When it comes to parents opposing vaccinations, the proportion is very small, as per Dr. Julie Bettinger, PhD, MPH, who is a Vaccine Safety Scientist at the Vaccine Evaluation Center, a leading center for applied vaccine research in Canada. Research has shown that 1-2 per cent of people cannot be convinced to vaccinate, while 15-20 per cent have questions and want more information. For those undecided, we know that their relationships with their health care provider is very important because it can influence their thoughts on vaccines. Jagjit Sandhu, mother of two young children, explains that her source of information was her doctor, “Foremost, we saw that everyone gets their kids vaccinated, so we deemed it appropriate to do so as well. That said, it was our doctor who gave us advice and told us exactly where to go.”
With the primary concern of wanting the best for their child amidst a confusing maze of information-overload, Dr. Bettinger shares parents’ perspective, “Parents tell me there are three main factors [that] impact their vaccination decision making: anxiety, accessibility and trust.” She further reveals that British Columbia has the lowest vaccine coverage rates in Canada and Canada has the lowest rates in North America, although this can arguably be linked to the lack of a real time vaccination register system, reflecting opportunity for busting misconceptions on a national level. In similar light, Dr. Pargat Singh Bhurji, pediatrician and neonatologist, specializing in the care of newborns, children and teenagers, claims that education is the key to such parental anxiety.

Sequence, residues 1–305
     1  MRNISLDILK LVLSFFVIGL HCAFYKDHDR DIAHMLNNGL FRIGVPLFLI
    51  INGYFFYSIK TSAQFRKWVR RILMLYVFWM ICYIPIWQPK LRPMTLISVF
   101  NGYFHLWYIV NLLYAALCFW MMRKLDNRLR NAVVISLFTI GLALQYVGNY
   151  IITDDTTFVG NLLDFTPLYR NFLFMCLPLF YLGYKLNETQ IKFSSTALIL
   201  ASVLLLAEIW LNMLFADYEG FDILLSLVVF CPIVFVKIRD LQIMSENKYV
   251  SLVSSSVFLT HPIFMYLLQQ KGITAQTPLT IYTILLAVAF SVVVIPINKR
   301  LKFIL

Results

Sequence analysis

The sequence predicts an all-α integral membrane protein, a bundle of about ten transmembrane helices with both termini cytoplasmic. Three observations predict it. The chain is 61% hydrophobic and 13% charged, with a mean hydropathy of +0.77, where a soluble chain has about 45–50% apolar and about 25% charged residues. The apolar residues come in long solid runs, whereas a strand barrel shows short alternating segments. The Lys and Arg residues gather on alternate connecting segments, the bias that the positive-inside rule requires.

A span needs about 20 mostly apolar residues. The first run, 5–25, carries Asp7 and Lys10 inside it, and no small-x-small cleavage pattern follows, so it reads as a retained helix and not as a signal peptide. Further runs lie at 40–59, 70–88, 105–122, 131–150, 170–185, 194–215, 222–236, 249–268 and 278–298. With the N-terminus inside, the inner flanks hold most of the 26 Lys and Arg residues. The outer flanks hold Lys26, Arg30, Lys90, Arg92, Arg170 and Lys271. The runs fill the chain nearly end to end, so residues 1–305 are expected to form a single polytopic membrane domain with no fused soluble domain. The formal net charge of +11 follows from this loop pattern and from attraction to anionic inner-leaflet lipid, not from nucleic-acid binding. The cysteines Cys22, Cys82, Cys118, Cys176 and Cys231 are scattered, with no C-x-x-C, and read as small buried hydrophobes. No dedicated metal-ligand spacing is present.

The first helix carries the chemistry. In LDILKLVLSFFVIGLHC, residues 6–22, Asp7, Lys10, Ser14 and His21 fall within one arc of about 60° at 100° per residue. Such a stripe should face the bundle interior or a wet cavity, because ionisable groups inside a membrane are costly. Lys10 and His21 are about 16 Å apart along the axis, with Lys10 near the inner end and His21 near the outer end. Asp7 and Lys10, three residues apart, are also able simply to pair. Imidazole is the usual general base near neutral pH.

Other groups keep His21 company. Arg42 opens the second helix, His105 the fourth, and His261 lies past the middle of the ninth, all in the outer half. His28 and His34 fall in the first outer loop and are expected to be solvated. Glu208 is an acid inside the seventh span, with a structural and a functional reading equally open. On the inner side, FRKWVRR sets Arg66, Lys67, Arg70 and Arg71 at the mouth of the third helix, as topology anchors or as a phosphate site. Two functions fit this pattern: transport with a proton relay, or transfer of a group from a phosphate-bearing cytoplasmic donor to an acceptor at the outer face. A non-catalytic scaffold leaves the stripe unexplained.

Three common myths surrounding immunization:
Myth #1 “Vaccinations will somehow harm my child or result in serious side-effects.”
Fact: With over 25 years of pharmacy experience, Del Negro assures that side effects from vaccines are generally very mild and self-limiting such as soreness at the injection site or a mild fever. Serious side effects such as life-threatening reactions are extremely rare and are generally estimated to be 1 in 1,000,000. A common misbelief is that vaccinations are causally related to autism, which has been disproved by numerous studies.
Myth #2 “Canada is a safe country. My child can never get sick here anyway, so there is no point of vaccinations.”